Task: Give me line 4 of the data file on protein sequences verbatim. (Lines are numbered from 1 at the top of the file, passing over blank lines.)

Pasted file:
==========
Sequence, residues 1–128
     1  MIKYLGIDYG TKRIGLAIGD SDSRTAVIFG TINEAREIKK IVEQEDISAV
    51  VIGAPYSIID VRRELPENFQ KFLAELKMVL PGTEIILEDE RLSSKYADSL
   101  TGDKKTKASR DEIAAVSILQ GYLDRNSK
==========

   101  TGDKKTKASR DEIAAVSILQ GYLDRNSK